Now, what's happening in the United States? Of the hundreds of billions allocated by the U.S. Congress in February, comparatively little has been distributed. Yes, there has been considerable tax relief, but rather than stimulating economic activity, American consumers have tended toward saving the gains they have reaped from tax breaks–hence the sharp spike in the national savings rate. While spending isn't quite as anemic as some headlines suggest, it is certainly more muted than it was. As for the billions that were supposed to go to “shovel ready” projects on the ground and create millions of new jobs, less than a $100 billion (by the official estimates) have actually been spent. Instead applying for and then authorizing the funds has been a bureaucratic nightmare. While defenders of the package rightly assert that it cannot be judged to have failed given that most of the spending will come in the later part of the year, the fact that this defense needs to be made is itself a startling critique of how it has been implemented. The argument for passing the stimulus bill was that the United States was in dire straits and in immediate need of a boost. The current bill is like telling a patient that he needs antibiotics now … and then writing him a prescription that can only be filled months later.
China's path, of course, is hardly without skeptics. The common argument against how China is managing its economy is that it is overly dependent on either state-spending or exports and not sufficiently grounded in domestic consumption. Said one recent Merrill Lynch report: “Let's start with the obvious: Asia needs to transform its growth model, relying less on exports and more on domestic demand.” As China is the dominant component of the Asian system, it is perceived as the primary culprit of an imbalanced system. Yet critics have been saying this for years, and all the while China has happily been violating every stricture of orthodox macroeconomics and has been doing just fine, thank you. The fact is that if there was an equation for successful, stable, long-term economic growth, everyone would use it. China has been engaged in an infinitely complicated process and making a lot up as it goes along, less concerned about whether the formula matches what Western economists deem balanced and more focused on what works and what doesn't.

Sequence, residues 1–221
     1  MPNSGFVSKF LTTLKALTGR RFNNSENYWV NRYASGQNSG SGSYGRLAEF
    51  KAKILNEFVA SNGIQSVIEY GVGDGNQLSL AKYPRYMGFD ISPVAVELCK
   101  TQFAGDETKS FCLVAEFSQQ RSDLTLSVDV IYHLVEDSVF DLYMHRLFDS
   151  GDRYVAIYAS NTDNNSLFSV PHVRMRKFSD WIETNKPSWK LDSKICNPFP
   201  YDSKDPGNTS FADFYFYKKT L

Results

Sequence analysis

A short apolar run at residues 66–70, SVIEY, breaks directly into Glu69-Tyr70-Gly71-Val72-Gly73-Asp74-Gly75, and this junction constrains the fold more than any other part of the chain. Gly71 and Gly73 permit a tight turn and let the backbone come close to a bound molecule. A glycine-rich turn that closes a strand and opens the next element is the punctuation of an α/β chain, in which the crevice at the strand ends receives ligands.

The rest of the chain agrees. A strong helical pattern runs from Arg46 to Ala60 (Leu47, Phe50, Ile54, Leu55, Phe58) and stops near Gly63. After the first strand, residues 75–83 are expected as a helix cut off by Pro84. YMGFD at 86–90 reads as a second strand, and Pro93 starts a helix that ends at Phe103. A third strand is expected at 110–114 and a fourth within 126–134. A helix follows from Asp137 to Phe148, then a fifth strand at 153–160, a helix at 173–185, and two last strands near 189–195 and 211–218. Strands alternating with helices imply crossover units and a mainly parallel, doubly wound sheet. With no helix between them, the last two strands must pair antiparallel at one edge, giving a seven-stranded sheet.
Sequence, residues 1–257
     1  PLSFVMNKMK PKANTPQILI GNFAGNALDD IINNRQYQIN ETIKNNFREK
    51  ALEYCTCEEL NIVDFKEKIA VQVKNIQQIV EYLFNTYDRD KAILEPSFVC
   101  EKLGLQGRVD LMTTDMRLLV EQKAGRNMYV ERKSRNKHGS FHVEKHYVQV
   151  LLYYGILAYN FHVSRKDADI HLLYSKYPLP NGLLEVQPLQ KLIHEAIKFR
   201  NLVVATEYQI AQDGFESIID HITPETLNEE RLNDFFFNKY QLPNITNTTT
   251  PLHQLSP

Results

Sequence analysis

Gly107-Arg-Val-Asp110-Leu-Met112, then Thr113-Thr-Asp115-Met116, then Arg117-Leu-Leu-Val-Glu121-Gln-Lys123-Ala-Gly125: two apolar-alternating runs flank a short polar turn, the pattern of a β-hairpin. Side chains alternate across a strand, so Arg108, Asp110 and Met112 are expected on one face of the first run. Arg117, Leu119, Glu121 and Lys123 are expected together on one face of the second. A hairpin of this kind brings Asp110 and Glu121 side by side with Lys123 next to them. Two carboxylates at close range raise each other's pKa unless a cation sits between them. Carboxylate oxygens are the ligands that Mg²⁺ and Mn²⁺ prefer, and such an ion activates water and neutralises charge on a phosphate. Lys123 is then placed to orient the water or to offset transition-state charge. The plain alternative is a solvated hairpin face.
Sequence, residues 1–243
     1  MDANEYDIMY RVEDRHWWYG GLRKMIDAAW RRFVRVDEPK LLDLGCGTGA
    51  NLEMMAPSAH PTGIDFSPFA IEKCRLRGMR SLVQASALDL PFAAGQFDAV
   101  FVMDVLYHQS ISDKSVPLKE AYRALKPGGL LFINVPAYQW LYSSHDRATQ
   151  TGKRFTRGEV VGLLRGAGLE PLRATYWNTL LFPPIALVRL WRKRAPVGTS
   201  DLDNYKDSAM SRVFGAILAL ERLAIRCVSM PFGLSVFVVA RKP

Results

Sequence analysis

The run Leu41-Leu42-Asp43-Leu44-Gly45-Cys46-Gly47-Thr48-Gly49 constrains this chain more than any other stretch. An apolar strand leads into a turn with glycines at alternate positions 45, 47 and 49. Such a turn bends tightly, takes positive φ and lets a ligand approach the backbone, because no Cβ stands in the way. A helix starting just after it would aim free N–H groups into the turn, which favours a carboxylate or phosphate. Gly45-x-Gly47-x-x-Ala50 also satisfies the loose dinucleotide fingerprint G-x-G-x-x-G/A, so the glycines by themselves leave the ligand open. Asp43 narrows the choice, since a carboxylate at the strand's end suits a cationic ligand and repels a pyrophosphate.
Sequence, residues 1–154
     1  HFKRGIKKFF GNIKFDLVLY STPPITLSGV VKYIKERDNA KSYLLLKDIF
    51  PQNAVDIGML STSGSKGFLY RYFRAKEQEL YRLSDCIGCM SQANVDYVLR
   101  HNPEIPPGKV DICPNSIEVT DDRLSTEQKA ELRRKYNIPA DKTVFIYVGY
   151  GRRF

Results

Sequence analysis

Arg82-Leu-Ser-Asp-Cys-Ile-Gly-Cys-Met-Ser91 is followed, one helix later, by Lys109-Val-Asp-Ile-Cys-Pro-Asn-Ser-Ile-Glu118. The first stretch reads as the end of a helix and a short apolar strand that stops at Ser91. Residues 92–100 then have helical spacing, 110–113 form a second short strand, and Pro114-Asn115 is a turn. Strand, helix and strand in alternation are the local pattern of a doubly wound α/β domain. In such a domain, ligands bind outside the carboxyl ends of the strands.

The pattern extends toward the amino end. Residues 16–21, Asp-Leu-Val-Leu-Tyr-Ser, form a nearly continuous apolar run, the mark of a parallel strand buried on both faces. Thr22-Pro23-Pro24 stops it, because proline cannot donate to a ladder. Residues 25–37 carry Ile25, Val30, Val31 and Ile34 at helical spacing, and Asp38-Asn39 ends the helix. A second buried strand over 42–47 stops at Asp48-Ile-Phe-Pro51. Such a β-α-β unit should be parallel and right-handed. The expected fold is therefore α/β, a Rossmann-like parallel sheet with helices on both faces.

To wit, China has spent and spent on infrastructure, much of it excessive in the short term. It has built airports in cities that have no planes, roads for cars that haven't yet been purchased, and rail links for trains that don't yet exist. Yet, with hundreds of millions of people in agrarian poverty, China has been following the Field of Dreams philosophy: If you build it, they will come. And so urbanization has been continuing at an accelerated rate, moving the country closer to a modern demand-driven economy.
And it's not as if the Chinese system is so simple. Beijing can be intimidating, but it is also limited in its ability to coerce local regional governors. It can of course arrest corrupt officials and does on occasion in order to remind the myriad party officials throughout the country that at the end of the day, the central government rules. But day-to-day, the reality is more decentralized and messier than many realize, making the success of the party's macroeconomic policies all the more remarkable.
Washington, on the other hand, is almost hopeless in its current inefficiency–whiih helps to explain the mismatch between the goals of the stimulus and the results to date. What's scary is that for much of the 20th century, the United States got along fine with its semi-dysfunctional political system. With the world's most dominant economy combined with its most powerful military, the U.S. had ample margin for error. Now, America is the world's largest debtor nation, while China is looking more dynamic than ever. The tale of the two stimuli provides further evidence of which way the winds have been blowing, and the United States should be concerned that they are blowing east.
Zachary Karabell is the author of the forthcoming Superfusion: How China and American Became One Economy and Why the World's Prosperity Depends on It. He blogs at www.rivertwice.com.